Tags: s4 | catches | fire | samsung

S4 Catches Fire; Samsung Tries to Silence User From Speaking Out

By    |   Wednesday, 11 Dec 2013 12:32 PM

After his Samsung S4 caught fire earlier this year, Richard Wygand now claims the South Korean electronics company is trying to silence him by ordering him to remove a YouTube video documenting the damage before they'll replace the device.

According to Wygand, the smartphone caught fire while it was being charged, leading to the "smell of burning electronics" and a visibly burnt phone and charger.

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On Dec. 5, Wygand, under the YouTube user name ghostlyrich, posted a second video to the site in which he presented viewers with a letter that he claimed came from Samsung ordering him to remove the prior video and then the company would replace the phone.

Wygand posted the letter supposedly from Samsung to PasteBin.com on Tuesday.

The letter reads, "As a condition of exchanging the phone with a similar model, *** agrees to remove his Youtube video from the following link https://www.youtube.com/watch?v=dc4duKuPrQ0 or any other link or statement relating to these matters and refrain from making other videos or statements about or relating to the matters set out herein."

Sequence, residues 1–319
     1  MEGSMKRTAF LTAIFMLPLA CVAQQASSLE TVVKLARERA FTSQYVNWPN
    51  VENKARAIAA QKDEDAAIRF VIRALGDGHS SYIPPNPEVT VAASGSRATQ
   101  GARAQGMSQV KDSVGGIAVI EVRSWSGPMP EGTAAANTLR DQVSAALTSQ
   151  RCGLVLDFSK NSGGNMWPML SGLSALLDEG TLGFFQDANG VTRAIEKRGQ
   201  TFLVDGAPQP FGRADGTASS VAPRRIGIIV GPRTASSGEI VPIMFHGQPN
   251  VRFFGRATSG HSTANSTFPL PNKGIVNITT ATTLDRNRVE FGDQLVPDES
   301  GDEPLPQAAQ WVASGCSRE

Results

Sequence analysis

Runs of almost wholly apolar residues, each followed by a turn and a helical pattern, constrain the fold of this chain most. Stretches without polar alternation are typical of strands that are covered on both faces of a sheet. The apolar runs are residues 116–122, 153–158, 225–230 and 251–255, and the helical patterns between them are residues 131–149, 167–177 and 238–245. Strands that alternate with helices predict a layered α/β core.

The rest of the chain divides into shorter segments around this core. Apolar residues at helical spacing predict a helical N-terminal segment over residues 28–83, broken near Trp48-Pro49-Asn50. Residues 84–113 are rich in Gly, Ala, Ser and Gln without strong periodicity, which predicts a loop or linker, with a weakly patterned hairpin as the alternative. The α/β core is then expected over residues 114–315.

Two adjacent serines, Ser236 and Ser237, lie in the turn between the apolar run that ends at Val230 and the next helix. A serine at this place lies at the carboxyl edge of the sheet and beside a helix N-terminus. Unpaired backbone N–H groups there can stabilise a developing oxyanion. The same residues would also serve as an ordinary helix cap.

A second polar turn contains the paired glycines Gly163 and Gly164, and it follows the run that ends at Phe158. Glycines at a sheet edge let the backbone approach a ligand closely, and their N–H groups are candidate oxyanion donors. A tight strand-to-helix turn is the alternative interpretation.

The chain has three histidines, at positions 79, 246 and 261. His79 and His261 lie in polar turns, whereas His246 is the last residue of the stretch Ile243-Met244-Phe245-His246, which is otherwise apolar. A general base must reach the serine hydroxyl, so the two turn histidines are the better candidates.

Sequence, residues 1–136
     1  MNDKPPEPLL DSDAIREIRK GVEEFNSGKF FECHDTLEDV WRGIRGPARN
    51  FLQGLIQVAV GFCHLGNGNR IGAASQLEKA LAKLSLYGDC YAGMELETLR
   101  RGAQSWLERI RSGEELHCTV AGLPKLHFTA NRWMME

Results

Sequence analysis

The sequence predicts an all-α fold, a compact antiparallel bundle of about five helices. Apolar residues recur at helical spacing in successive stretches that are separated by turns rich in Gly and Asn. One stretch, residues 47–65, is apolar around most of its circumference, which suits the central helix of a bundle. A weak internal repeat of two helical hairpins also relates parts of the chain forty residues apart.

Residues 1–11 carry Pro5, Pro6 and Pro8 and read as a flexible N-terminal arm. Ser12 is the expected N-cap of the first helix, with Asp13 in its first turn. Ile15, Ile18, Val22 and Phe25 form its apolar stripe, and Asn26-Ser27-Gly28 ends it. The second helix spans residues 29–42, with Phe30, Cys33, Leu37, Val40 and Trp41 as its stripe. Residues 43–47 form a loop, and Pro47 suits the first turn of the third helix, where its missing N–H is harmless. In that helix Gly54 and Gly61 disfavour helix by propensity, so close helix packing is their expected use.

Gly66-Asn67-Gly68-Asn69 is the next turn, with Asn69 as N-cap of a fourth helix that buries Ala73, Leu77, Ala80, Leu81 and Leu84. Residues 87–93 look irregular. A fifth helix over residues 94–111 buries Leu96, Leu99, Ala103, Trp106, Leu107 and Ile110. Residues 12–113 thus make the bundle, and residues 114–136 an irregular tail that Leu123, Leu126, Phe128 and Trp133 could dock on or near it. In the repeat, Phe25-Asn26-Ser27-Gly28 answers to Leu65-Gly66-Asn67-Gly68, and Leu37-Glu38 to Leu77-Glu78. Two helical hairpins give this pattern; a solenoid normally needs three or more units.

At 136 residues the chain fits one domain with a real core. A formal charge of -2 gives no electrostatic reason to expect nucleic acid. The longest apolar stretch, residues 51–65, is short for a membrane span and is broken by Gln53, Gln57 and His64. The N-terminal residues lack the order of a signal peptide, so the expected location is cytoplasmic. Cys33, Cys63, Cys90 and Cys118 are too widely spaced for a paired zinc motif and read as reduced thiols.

Wygand spoke out about their reported attempt to silence him.

"Samsung knows they f—ed up and what's pissing me off is they're trying to bandage it and keep people quiet by giving them new phones that might not actually be their phone," Wygand said in the YouTube video. "It’s a whole lot of bull crap."

Wygand said he was a former Apple user and when he encountered problems with his iPhone, Apple took the product back with no questions asked and replaced it.

In the YouTube video, Wygand also alluded to a fire in June when another Samsung S4 battery malfunctioned. According to the Daily Mail, a Samsung Galaxy S4 burst into flames in Hong Kong after the owner, who was playing a game on the device at the time, says he heard a loud pop from the phone's battery.

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After his Samsung S4 caught fire earlier this year, Richard Wygand now claims the South Korean electronics company is trying to silence him by ordering him to remove a YouTube video documenting the damage before they'll replace the device.
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Wednesday, 11 Dec 2013 12:32 PM
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